He tilted his aged head downward to mine, just as all the tall people in my life do when speaking to short ones. "There. Between the edge of the grass and the children on the swings. You see? There was a small stone shack there, no more than six or seven feet on either side, a kind of gardener's toolshed. We were all positioned in the courtyard and the rooms of the monastery while the guys who stayed on from the other company were holed up in that building, on the other side of this alley. The armored vehicle blasted anybody who so much as stuck his nose outside one of the buildings. But the pigeon handler—God knows why or how-made it out and got himself over there, which is where we found him when it was all over."
I couldn't stay there any longer. I shepherded them into Behemoth—that's the name my wife gave the huge Chevy Suburban she bought for me—and we departed for the German Colony neighborhood of Jerusalem.
Now I felt the full force of my fatigue; a small group can be more demanding and bothersome than a whole busload of tourists. The day had risen on us in Tel Aviv, after which we'd continued to Kibbutz Hulda and the story of the convoy named for it, been detained for a light meal of sandwiches at the Harel observation point, and jounced about on the Burma Road on the way to Hamasrek and the stronghold at Sha'ar Hagai for more explanations and more lookouts.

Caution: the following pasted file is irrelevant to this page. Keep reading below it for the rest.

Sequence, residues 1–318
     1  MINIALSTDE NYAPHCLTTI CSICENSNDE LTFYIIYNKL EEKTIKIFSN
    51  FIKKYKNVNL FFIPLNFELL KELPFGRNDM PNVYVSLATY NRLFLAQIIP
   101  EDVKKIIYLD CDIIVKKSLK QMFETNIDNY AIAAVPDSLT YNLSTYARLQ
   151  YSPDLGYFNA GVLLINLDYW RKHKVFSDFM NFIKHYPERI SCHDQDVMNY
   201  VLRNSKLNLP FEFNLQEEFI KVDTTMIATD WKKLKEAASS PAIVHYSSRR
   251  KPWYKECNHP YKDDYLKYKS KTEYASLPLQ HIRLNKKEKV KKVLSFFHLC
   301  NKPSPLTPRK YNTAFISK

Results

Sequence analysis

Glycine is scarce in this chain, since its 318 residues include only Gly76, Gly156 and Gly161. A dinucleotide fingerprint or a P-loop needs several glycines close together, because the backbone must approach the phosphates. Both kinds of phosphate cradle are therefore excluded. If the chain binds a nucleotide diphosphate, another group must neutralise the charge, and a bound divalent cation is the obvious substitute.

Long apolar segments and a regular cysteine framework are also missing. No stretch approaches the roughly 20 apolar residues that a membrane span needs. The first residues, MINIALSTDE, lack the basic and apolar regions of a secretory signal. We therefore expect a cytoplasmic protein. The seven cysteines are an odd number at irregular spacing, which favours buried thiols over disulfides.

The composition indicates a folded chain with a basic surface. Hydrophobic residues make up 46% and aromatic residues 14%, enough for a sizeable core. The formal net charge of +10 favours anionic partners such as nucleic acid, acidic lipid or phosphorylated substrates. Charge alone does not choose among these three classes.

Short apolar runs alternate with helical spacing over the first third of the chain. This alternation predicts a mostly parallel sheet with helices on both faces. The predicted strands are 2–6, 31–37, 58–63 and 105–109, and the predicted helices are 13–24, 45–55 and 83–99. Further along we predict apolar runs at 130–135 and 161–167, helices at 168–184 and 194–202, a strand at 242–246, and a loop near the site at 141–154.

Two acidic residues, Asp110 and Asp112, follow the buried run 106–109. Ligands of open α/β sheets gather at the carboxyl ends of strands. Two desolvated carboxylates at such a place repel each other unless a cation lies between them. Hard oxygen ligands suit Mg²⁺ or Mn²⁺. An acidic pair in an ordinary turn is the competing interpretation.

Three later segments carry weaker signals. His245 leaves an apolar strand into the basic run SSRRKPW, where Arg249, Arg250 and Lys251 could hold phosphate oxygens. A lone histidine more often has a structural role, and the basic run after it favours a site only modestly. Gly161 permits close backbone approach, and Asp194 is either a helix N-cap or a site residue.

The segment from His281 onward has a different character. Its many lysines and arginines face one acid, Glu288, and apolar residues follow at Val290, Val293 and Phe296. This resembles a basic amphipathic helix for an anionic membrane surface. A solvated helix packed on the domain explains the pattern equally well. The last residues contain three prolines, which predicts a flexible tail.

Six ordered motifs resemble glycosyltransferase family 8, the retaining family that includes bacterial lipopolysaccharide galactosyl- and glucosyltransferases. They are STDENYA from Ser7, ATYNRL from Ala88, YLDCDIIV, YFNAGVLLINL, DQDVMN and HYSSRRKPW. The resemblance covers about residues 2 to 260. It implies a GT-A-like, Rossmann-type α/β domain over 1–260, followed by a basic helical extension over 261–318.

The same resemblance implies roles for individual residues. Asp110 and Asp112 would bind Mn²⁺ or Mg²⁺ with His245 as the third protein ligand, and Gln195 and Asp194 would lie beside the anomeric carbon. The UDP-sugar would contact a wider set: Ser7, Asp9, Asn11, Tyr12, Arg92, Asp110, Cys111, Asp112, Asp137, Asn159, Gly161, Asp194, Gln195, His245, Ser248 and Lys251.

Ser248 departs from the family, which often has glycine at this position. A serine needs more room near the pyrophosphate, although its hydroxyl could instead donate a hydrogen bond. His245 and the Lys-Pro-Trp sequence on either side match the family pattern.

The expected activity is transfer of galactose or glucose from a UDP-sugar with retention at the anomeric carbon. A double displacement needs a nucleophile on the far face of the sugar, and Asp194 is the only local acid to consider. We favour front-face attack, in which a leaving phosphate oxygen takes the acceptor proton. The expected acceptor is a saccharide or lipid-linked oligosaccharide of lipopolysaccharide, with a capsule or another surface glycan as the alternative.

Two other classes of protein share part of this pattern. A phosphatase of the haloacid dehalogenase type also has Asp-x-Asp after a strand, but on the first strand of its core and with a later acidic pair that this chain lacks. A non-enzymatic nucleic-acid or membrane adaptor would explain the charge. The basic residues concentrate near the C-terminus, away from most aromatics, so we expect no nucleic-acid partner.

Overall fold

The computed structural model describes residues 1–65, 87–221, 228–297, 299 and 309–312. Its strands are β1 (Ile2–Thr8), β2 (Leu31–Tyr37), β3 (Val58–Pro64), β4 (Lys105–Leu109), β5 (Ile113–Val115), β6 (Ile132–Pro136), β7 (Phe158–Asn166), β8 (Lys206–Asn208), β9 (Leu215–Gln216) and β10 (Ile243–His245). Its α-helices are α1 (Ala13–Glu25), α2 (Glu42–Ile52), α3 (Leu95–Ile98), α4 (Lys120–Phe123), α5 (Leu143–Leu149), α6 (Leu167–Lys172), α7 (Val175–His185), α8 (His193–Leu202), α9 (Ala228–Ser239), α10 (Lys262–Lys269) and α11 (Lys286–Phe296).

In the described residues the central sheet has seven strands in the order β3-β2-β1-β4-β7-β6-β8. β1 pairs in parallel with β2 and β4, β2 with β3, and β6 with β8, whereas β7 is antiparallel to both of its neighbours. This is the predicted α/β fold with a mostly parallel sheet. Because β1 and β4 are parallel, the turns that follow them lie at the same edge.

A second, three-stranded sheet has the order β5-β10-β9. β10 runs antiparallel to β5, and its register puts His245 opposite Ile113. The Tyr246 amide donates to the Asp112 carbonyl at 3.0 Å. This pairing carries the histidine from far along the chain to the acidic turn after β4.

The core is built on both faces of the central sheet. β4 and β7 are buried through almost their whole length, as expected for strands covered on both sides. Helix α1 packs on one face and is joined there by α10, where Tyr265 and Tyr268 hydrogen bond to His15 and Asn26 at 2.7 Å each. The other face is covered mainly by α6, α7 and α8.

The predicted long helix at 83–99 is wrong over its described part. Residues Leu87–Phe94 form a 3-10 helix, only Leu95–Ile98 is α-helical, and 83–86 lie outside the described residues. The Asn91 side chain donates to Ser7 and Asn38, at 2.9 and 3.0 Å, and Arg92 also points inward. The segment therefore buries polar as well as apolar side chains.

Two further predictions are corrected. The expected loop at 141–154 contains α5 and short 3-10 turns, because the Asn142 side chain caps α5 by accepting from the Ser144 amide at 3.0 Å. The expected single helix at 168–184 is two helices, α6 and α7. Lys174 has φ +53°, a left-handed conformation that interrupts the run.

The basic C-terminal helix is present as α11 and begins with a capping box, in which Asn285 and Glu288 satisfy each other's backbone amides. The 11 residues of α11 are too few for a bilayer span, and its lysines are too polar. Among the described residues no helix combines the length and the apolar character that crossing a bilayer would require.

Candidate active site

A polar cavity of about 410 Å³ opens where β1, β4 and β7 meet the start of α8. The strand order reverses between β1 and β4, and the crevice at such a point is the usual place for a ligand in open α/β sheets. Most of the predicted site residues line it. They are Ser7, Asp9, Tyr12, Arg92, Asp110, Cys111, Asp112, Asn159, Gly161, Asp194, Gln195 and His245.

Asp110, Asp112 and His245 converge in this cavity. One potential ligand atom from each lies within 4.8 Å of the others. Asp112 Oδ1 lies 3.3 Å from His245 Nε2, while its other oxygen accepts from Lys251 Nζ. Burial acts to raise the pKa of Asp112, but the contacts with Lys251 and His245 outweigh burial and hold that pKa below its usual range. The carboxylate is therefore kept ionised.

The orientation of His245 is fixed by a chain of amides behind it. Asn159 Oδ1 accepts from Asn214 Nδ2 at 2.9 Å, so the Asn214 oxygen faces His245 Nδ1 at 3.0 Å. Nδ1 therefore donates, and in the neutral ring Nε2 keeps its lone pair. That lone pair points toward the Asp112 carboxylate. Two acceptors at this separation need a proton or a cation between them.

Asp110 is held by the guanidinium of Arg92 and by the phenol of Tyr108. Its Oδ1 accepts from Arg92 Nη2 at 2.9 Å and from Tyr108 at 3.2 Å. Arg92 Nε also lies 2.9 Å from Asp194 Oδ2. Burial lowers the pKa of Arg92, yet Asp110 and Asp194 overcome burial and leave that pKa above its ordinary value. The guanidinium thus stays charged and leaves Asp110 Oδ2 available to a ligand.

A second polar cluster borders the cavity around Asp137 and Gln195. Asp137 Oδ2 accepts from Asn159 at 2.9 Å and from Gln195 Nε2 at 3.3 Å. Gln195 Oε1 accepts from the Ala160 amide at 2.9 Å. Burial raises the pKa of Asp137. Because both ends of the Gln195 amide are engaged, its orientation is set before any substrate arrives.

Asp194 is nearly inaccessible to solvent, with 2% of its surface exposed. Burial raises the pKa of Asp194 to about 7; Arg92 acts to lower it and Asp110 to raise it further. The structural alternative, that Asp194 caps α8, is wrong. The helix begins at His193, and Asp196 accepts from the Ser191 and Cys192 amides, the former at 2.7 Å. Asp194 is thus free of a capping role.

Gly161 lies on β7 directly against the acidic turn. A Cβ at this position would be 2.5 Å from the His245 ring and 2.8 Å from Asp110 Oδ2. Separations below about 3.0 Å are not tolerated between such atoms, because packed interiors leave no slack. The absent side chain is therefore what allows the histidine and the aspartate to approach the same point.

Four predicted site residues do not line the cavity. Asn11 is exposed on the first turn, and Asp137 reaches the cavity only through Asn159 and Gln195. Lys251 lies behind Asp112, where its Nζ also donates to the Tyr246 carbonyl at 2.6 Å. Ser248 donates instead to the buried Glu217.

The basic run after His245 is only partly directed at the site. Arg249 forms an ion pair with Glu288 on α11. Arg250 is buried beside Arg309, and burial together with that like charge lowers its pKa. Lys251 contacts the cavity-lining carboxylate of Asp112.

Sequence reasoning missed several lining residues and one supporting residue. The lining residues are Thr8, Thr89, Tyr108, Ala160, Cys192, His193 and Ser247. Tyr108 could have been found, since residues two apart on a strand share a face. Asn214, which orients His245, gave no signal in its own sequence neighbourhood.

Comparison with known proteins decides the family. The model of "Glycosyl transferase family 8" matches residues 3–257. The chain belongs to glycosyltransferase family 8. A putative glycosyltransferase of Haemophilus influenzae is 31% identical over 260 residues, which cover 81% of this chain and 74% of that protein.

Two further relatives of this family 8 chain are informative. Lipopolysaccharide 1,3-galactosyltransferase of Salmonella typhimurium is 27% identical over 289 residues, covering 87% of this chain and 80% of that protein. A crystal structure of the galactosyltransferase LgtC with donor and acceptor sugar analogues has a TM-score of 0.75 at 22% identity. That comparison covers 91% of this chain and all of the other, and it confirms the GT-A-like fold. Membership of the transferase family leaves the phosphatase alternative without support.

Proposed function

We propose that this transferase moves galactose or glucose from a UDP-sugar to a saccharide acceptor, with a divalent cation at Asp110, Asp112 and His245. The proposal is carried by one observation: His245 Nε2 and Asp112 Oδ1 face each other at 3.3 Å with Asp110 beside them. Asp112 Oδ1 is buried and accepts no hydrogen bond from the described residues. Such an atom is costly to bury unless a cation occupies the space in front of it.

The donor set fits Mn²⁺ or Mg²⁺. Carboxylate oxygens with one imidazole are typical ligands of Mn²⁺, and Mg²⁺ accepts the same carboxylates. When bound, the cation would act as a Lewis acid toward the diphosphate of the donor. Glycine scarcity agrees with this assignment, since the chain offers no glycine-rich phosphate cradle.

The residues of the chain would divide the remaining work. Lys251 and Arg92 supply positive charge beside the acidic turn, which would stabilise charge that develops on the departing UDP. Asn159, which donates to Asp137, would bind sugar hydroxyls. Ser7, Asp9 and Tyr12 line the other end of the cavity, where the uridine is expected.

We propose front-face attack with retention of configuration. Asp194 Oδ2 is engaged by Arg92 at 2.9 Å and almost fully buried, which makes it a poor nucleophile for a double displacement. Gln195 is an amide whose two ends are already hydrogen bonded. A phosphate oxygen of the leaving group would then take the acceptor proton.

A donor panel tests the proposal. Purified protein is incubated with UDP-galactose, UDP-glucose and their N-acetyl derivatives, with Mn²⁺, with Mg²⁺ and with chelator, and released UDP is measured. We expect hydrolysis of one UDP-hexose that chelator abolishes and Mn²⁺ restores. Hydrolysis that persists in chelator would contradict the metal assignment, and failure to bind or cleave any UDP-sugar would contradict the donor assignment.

From there I took them to the Palmach cemetery at Kiryat Anavim, then into Jerusalem, to the monastery and this surprise: that the eldest of the six Americans I was ferrying about and guiding-a senator, his aide, his adviser, and three businessmen, all of them guests of the Foreign Ministry—had once been a member of the Palmach and had fought in the battle that had taken place there, which I was attempting to describe for them. And from there to the even bigger surprise of the homing pigeon that had suddenly taken wing from the pigeonholes of his memory.
"Did you know him?" I asked.
"The pigeon handler you told us about earlier."
His face filled the rearview mirror of Behemoth. "Not really. He wasn't one of the fighting gang—he'd come to our brigade to set up an operational pigeon loft. They said he was a top-class professional, that he'd been handling pigeons since he was a boy."
His eyes did not let up their vigil; they continued to pin me down like the hooked spines of a caper bush. "I don't even remember his name anymore. A lot of other friends of mine were killed, and it's been so many years."
At the stoplight facing the German Colony cemetery I turned left. I took advantage of the crowds of people and the cars that slowed us to a crawl to spread my wares: the Rephaim and the Philistines, the British and the Germans. "Gentlemen, please note the verses from the Bible inscribed on the portals. And over there is the old Jerusalem train station. It's no longer in use, but when I was a child I would travel from here to Tel Aviv with my mother. In a steam engine, can you believe it?"
The train would rumble its way slowly, creaking along the metallic curves of the ravine. I remember the tiny, well-tended vegetable beds of the Arabs on the far side of the border, the soapy froth amassed by sewer water. The wind would set aloft bits of ash from the steam engine and you would brush them from your hair, happy: we were going home, to Tel Aviv...